Serial production of 45-mm guns arr. The 1942 of the year was launched in January of the 1943 of the year and was carried out only at plant number 172. During the most intense periods, the plant manufactured 700 of such guns monthly. In total for the 1943-1945 years, the 10 843 gun mod. 1942 of the year. Their production continued after the war. New weapons as they were released went for the rearmament of anti-tank artillery regiments and brigades that had 45-mm anti-tank guns arr. 1937 of the year.

As it soon turned out, the armor penetration of the M-42 to combat German heavy tanks with powerful anti-missile armor Pz. Kpfw. V "Panther" and Pz. Kpfw. VI "Tiger" was not enough. More successful was the shooting of sabot shells on the sides, stern and chassis. Nevertheless, thanks to the well-established mass production, mobility, ease of masking and low cost, the weapon remained in service until the very end of the war.

In the late 30s, the issue of creating anti-tank guns capable of hitting tanks with anti-shell armor became an acute issue. Calculations showed the futility of the 45-mm caliber in terms of a sharp increase in armor penetration. Various research organizations examined caliber 55 and 60 mm, but in the end, it was decided to stay on the caliber 57 mm. Tools of this caliber were used in the tsarist army and navy (guns of Nordenfeld and Hotchkiss). A new shell was developed for this caliber - a standard cartridge case from a 76-mm divisional gun with re-compression of the cartridge barrel to a 57 mm caliber was adopted as its cartridge case.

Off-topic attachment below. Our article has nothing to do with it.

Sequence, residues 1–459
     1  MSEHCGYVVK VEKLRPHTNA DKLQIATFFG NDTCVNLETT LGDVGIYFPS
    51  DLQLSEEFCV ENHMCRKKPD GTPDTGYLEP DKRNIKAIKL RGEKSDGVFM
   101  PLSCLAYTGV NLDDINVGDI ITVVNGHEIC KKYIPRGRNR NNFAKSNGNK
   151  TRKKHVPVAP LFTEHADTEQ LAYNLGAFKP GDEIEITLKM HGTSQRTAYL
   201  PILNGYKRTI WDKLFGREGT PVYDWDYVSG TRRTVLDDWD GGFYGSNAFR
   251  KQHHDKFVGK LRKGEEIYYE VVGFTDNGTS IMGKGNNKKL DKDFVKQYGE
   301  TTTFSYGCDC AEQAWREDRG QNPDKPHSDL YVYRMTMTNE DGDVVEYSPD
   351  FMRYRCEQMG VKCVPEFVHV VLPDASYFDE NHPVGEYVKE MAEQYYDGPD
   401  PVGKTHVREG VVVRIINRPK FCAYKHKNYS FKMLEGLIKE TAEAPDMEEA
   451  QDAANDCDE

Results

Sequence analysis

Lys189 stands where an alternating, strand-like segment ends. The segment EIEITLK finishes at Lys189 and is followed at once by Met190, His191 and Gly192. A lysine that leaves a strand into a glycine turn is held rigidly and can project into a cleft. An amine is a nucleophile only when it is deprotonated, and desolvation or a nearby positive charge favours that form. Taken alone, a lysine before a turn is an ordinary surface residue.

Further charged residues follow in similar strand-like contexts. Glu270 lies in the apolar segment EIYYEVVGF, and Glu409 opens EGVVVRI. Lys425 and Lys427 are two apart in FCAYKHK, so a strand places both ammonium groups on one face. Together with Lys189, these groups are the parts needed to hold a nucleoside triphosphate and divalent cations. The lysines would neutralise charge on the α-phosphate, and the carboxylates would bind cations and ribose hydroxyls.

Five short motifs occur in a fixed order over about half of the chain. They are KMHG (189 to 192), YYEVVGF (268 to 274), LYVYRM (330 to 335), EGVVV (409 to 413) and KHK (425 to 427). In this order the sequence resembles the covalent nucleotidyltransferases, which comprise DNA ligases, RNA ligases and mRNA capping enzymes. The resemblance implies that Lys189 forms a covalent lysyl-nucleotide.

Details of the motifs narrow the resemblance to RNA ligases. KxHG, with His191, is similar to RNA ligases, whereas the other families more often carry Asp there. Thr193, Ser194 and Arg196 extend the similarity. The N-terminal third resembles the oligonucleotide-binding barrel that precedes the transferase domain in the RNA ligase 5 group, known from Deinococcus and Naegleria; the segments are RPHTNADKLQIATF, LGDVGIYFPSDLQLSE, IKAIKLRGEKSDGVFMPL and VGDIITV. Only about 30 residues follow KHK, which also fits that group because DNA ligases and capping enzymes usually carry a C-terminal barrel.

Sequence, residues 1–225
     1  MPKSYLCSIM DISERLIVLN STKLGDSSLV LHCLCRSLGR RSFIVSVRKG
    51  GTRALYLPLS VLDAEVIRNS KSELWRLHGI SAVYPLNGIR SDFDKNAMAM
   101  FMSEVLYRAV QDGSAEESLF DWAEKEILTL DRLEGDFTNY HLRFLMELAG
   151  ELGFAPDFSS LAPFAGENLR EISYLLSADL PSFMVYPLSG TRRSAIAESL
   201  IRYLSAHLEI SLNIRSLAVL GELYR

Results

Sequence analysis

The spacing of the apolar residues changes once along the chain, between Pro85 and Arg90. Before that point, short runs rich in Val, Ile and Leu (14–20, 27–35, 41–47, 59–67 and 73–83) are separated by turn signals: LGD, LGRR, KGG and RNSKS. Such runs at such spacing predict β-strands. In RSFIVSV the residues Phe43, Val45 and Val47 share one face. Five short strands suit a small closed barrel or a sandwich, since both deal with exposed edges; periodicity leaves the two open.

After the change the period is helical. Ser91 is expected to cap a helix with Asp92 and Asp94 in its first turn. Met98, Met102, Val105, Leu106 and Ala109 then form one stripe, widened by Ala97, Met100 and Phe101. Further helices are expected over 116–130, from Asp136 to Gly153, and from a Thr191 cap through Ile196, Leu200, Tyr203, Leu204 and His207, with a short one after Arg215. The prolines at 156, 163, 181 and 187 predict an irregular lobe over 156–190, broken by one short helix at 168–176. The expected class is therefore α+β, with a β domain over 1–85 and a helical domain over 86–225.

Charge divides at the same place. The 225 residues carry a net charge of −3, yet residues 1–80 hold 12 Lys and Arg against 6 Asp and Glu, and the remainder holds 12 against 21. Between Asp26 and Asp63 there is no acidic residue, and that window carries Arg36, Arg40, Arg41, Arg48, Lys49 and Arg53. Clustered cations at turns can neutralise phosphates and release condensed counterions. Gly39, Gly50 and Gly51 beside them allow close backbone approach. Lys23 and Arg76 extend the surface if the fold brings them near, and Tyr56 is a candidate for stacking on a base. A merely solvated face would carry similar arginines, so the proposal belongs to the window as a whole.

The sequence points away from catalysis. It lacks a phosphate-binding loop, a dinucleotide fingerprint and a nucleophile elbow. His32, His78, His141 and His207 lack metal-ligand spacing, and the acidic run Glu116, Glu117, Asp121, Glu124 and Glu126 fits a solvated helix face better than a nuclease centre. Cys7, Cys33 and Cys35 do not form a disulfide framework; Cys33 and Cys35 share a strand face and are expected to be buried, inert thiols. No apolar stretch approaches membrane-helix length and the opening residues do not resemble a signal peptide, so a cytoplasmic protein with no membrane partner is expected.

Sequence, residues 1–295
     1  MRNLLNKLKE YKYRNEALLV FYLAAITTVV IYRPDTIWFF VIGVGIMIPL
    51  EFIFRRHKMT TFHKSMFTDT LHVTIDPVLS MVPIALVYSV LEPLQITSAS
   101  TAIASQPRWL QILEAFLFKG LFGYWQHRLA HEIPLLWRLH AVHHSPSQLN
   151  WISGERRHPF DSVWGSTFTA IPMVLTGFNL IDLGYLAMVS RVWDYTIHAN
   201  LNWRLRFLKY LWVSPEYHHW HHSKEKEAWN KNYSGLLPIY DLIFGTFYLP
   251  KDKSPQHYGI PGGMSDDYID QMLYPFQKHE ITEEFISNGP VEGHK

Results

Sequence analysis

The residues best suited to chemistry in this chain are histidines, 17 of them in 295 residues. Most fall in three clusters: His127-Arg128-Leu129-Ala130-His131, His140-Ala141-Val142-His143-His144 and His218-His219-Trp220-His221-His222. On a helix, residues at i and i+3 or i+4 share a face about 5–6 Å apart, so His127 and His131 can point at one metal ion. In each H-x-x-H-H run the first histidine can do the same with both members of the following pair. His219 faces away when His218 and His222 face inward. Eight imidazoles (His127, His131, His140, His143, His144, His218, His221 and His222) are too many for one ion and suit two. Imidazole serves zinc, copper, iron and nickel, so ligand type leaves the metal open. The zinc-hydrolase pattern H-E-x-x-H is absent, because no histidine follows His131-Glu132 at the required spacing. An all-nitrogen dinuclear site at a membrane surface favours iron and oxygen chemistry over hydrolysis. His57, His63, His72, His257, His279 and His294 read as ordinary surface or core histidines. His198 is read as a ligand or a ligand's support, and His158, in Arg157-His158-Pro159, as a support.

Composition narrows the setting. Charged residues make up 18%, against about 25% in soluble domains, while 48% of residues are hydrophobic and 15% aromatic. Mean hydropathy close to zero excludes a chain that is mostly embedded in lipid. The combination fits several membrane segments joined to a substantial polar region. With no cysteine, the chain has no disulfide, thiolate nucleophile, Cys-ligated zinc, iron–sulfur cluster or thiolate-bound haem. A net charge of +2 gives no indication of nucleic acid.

In 1940, the design team headed by Vasily Gavrilovich Grabin began the design of a new anti-tank gun that meets the tactical and technical requirements of the Main Artillery Directorate (GAU). The main feature of the new gun was the use of a long barrel with a length of 73 caliber. The gun at a distance of 1000 m pierced with an armor-piercing shell armor 90 mm thick